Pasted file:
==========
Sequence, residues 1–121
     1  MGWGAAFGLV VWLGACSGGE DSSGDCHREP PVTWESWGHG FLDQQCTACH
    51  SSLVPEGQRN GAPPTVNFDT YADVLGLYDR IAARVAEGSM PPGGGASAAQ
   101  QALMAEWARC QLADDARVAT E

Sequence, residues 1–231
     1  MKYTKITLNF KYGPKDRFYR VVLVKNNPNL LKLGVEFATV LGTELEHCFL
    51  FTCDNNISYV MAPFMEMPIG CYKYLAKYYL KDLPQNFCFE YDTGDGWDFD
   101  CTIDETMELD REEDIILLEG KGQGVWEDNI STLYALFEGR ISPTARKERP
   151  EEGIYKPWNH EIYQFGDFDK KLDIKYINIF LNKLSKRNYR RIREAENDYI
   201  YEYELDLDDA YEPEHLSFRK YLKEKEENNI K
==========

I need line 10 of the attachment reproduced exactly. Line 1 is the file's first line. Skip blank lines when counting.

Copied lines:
   201  YEYELDLDDA YEPEHLSFRK YLKEKEENNI K